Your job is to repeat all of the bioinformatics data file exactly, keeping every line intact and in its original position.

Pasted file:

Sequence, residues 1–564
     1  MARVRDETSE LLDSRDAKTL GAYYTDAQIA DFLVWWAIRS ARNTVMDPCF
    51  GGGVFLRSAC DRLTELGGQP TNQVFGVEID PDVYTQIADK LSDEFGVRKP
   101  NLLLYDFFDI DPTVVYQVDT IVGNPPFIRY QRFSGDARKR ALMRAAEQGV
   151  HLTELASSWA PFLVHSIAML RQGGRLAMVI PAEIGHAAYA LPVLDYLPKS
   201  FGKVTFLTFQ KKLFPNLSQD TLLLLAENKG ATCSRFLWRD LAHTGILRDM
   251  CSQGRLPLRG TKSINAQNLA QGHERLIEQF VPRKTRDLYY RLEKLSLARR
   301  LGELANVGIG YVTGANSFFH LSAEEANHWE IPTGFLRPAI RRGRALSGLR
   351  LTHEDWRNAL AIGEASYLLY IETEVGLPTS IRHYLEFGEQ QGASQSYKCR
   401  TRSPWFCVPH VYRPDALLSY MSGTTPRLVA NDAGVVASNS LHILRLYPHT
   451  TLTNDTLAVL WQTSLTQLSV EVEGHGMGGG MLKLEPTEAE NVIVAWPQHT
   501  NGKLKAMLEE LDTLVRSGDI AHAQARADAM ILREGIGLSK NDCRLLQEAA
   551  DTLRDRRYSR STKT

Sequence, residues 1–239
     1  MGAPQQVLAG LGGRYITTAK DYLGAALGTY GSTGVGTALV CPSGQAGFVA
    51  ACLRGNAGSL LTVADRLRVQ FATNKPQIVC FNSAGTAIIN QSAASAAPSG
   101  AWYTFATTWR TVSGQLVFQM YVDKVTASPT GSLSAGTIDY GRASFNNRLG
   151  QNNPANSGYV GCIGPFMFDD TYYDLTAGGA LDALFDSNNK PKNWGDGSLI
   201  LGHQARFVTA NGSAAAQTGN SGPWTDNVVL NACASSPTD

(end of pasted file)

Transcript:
Sequence, residues 1–564
     1  MARVRDETSE LLDSRDAKTL GAYYTDAQIA DFLVWWAIRS ARNTVMDPCF
    51  GGGVFLRSAC DRLTELGGQP TNQVFGVEID PDVYTQIADK LSDEFGVRKP
   101  NLLLYDFFDI DPTVVYQVDT IVGNPPFIRY QRFSGDARKR ALMRAAEQGV
   151  HLTELASSWA PFLVHSIAML RQGGRLAMVI PAEIGHAAYA LPVLDYLPKS
   201  FGKVTFLTFQ KKLFPNLSQD TLLLLAENKG ATCSRFLWRD LAHTGILRDM
   251  CSQGRLPLRG TKSINAQNLA QGHERLIEQF VPRKTRDLYY RLEKLSLARR
   301  LGELANVGIG YVTGANSFFH LSAEEANHWE IPTGFLRPAI RRGRALSGLR
   351  LTHEDWRNAL AIGEASYLLY IETEVGLPTS IRHYLEFGEQ QGASQSYKCR
   401  TRSPWFCVPH VYRPDALLSY MSGTTPRLVA NDAGVVASNS LHILRLYPHT
   451  TLTNDTLAVL WQTSLTQLSV EVEGHGMGGG MLKLEPTEAE NVIVAWPQHT
   501  NGKLKAMLEE LDTLVRSGDI AHAQARADAM ILREGIGLSK NDCRLLQEAA
   551  DTLRDRRYSR STKT

Sequence, residues 1–239
     1  MGAPQQVLAG LGGRYITTAK DYLGAALGTY GSTGVGTALV CPSGQAGFVA
    51  ACLRGNAGSL LTVADRLRVQ FATNKPQIVC FNSAGTAIIN QSAASAAPSG
   101  AWYTFATTWR TVSGQLVFQM YVDKVTASPT GSLSAGTIDY GRASFNNRLG
   151  QNNPANSGYV GCIGPFMFDD TYYDLTAGGA LDALFDSNNK PKNWGDGSLI
   201  LGHQARFVTA NGSAAAQTGN SGPWTDNVVL NACASSPTD